Side Note: I am a little excited to see if Erin Elizabeth's upcoming baby will be a girl and wondering how she will keep the Elizabeth going.


Marriage Information in Manuscript Files

Categories // Genealogy Research

A Huge Help with "Burned Counties"

Good news is meant to be shared.

Marriages are generally considered to be good news. Marriage records are a holy grail of genealogical research because they give up the maiden name (usually) of the bride, and possibly the parents on both sides. They open up lines, provide the links necessary to connect descent and add families that can be searched for clues. When a courthouse burns (or is flooded) and those records vanish, there is a void. Newspaper articles can shine a light in that void, listing the marriage applications on a daily or weekly basis, or printing a small article about the application, engagement or wedding. But those newspapers may not still exist or the marriage may have taken place prior to advent of a newspaper in that community.


Some People Pass Away

Categories // Genealogy Research

What's only a date for your files, is a sad life event for the family.

Genealogy is more than just dates and we sometimes forget that.

Last week a friend of a good friend of mine passed away. The week before the great baby granddaughter of a cousin passed away. The week before that the nephew of a friend commited suicide. The week before that the father-in-law of a friend passed away.The week before that a brother of a friend of a friend commited suicide. The month before that a friend's mom passed away. For me all of this was divided into before the flood and after the flood. I know I sent a sympathy note before the flood. The week of the flood and the six weeks after that have all been a blur, I don't think I sent cards much less notes. So much was going on, the days had no exact beginning or ending time, my empathy bucket may have just been empty, but it doesn't change the fact that I felt sad for each of them and wished that there wasn't so much pain in each of their lives. I doubt any of those people will remember or care, they were already in a world of hurt, but if they did, Marcia, Dianne, Laura, Charla and Jocelyn, I am sorry you have had such pain.

The death of a loved one causes some pretty fierce emotions. You hear about decade-long fights and disagreements that erupt at funerals or after the reading of a will because this is such a stressful time for those involved. People say and do thoughtless things under stress. Then while everyone is gathered together, they talk. Thus grudges are born, rehashed, sealed, forgiven or cemented.

When you are searching for genealogical information, you want dates for births, marriages, divorces and deaths. Two of those life events are life affirming and two are not. Be gentle and empathetic when you ask for divorce and death dates especially for those whose lives are in the same generation or one away. It may still be very painful to remember or discuss.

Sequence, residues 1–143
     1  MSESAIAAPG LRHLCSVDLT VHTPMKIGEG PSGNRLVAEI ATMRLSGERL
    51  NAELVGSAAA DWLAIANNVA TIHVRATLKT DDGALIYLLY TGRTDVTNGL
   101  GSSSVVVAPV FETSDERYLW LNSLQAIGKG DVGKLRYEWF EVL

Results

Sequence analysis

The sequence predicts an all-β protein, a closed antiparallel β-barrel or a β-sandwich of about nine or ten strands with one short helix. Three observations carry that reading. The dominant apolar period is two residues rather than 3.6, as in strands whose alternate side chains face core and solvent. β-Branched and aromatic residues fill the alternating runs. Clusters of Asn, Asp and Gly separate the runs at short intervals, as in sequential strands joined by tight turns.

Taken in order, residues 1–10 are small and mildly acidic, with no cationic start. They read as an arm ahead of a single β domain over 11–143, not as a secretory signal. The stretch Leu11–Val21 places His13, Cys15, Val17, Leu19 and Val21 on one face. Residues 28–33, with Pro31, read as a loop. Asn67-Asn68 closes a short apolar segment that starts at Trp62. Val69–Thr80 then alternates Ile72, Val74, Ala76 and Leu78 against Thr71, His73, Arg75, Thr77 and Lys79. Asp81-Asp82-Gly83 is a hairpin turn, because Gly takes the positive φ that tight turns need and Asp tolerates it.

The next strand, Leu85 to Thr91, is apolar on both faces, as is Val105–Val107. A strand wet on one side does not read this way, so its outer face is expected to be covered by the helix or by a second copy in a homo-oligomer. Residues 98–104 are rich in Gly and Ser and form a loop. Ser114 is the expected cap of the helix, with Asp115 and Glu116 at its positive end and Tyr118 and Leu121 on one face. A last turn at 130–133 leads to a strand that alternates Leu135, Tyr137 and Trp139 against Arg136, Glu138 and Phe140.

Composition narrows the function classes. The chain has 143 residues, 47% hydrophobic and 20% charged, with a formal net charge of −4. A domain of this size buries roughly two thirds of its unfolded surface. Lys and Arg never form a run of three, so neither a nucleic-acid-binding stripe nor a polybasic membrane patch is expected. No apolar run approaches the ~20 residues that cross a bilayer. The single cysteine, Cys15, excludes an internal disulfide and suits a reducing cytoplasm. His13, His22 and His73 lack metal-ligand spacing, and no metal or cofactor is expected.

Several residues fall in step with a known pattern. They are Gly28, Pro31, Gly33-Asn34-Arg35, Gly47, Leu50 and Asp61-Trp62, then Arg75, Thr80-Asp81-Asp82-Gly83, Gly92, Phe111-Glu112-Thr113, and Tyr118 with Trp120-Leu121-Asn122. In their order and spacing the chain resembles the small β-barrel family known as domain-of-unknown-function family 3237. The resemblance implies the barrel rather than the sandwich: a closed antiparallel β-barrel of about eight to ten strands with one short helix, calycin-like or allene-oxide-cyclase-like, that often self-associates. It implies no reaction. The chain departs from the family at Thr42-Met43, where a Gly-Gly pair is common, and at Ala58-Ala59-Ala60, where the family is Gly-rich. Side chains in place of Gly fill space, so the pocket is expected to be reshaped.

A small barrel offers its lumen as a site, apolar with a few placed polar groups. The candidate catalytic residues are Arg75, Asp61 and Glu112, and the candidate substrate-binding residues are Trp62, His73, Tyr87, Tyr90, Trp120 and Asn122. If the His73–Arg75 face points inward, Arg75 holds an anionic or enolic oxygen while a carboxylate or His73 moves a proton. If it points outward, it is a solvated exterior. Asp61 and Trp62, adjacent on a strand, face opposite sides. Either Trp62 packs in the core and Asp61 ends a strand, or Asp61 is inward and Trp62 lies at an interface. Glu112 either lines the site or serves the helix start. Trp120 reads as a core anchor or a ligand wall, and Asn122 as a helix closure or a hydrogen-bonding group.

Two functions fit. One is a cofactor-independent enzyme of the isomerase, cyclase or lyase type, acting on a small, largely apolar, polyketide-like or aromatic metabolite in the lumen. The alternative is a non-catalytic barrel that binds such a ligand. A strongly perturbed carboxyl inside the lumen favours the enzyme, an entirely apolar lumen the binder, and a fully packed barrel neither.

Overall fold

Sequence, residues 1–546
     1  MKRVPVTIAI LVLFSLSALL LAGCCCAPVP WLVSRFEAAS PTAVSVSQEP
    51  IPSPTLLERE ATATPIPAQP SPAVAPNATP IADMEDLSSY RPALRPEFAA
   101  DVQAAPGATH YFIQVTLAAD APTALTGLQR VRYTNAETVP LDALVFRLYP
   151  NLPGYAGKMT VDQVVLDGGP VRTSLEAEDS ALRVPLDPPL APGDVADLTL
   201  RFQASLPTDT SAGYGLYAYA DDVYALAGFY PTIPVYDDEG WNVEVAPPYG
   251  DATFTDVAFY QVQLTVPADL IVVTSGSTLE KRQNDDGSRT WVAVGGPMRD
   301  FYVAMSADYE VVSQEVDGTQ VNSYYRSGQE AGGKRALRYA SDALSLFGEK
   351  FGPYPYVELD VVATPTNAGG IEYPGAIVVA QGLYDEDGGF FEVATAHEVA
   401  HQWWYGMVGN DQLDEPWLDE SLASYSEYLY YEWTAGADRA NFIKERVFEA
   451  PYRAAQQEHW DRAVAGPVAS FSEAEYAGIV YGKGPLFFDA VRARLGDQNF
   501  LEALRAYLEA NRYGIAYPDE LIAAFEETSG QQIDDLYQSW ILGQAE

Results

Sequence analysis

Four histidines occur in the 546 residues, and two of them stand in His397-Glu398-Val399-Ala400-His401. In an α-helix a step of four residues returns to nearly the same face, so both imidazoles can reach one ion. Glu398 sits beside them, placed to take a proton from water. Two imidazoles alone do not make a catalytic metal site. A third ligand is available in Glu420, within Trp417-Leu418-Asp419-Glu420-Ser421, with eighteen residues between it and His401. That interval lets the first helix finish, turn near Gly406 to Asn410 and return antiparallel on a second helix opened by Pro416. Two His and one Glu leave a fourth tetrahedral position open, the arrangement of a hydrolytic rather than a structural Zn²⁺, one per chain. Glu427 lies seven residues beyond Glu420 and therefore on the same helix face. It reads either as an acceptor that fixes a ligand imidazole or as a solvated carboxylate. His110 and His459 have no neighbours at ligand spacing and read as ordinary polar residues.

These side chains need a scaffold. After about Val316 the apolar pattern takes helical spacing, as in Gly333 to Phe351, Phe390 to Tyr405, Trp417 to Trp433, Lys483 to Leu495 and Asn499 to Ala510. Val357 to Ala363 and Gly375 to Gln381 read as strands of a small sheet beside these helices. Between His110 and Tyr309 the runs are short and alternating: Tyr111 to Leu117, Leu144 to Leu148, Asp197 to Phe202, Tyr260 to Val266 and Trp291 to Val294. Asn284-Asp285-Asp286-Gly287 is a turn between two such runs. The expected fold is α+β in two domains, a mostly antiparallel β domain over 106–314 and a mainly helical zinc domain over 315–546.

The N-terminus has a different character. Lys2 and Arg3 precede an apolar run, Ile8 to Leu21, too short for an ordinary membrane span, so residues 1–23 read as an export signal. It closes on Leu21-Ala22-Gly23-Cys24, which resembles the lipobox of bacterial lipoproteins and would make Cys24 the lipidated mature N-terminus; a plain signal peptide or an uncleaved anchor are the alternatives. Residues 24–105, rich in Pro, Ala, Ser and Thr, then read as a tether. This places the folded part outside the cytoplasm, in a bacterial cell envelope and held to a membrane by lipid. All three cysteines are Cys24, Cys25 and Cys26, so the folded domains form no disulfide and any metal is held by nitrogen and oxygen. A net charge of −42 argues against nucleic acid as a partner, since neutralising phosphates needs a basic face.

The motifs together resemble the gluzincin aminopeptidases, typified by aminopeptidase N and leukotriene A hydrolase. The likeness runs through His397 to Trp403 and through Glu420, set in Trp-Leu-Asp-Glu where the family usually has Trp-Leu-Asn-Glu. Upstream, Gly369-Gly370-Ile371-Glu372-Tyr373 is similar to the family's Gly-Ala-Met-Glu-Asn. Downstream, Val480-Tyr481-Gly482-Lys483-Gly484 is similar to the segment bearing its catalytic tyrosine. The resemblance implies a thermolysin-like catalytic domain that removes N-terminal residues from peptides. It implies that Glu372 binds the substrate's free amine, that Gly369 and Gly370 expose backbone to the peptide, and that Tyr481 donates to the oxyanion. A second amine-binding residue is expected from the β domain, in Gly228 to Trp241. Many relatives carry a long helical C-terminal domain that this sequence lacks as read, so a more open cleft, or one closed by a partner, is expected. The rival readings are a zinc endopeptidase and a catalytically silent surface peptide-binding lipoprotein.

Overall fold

When you are searching for family history you may hear some pretty amazing stories, both positive and negative. Just as everything seems rosier through the lens of the birth of a new baby or a family wedding, everything can seem darker through the pain and loss of death or divorce. Check your premises; when did the story begin?


Common Surnames - Research Hints

Categories // Genealogy Research

Researching Browns

Sometimes it can't be helped, while researching you come across a Brown line, a Wilson line or worse a Smith, Jones, or Johnson line. There it sits, blocking your way to more easily researched lines and relations. A daughter marries into a perfectly distinguishable Germanic Braun line, which will be anglicized into Brown sometime, somewhere, in the future, making it like a hundred or thousand other Brown lines. You have several choices:

  • Skip It
  • Postpone It
  • Avoid It
  • Post It
  • Tackle It 

SKIP IT or do something else

Everyone has two parents, four grandparents, eight grandparents, sixteen great-great grandparents, etc. Even if there is an illegitimate descent where one strand is unknown. Most people know four or five of the several lines. You don't have to stick researching the hardest, most common surnames unless the first four are Brown, Wilson, Johnson and Smith. Allocate your time and resources to the records with the highest potential rate of return. Research the easiest lines first. If the Brown line is in the first sixteen or thirty-two surnames, you may never get to it. Because of the amazing volume of genealogical and historical information from both paid and unpaid sites on the Internet, there is almost always another path if you find a hard spot or even just slow spot on the first line of inquiry. With so much available online, right away, no waiting required, you can keep many multiple lines going at once. Even slightly difficult lines are left by the wayside. Just move on doesn't sound a plan, but given the finite amount of minutes available, it can work.

POSTPONE IT or put it off.

Put if off, postpone it, research another line first. With so many digitized records available, move on to an easier option and leave the Brown line for later. After you have some genealogical chops, go back to it, when you have more knowledge, more experience, more money, or more time. When you come back to that line in a month or a year or a decade, scads of new information may be available and accessible. Some of it may be digitized original records and may just contain the clues you need. In addition, you will be that much more experienced in research and you will make better deductive choices if the information isn't as airtight or solid as you may have wished and hoped. You may have more disposable income to send away for more documents for various hypotheses. You may have had a chance to hire a researcher from the area, had a trip to the area for feet-on-the-ground, eyes-on-the-records research yourself or been able to go to Salt Lake City to the LDS library to research in that area's microfilmed records. Last but not least, serendipity may have struck, you may have come across just the clue, document or connection needed while researching something else.